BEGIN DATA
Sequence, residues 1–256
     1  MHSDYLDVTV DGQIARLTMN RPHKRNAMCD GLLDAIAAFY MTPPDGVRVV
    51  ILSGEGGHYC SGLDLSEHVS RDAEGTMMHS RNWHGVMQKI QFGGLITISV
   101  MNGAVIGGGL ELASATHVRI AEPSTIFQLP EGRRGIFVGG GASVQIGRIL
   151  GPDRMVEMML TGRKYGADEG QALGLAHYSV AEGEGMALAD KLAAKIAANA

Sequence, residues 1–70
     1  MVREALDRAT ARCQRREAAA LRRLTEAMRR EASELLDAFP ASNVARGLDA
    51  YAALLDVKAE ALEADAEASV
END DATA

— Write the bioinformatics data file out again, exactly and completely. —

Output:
Sequence, residues 1–256
     1  MHSDYLDVTV DGQIARLTMN RPHKRNAMCD GLLDAIAAFY MTPPDGVRVV
    51  ILSGEGGHYC SGLDLSEHVS RDAEGTMMHS RNWHGVMQKI QFGGLITISV
   101  MNGAVIGGGL ELASATHVRI AEPSTIFQLP EGRRGIFVGG GASVQIGRIL
   151  GPDRMVEMML TGRKYGADEG QALGLAHYSV AEGEGMALAD KLAAKIAANA

Sequence, residues 1–70
     1  MVREALDRAT ARCQRREAAA LRRLTEAMRR EASELLDAFP ASNVARGLDA
    51  YAALLDVKAE ALEADAEASV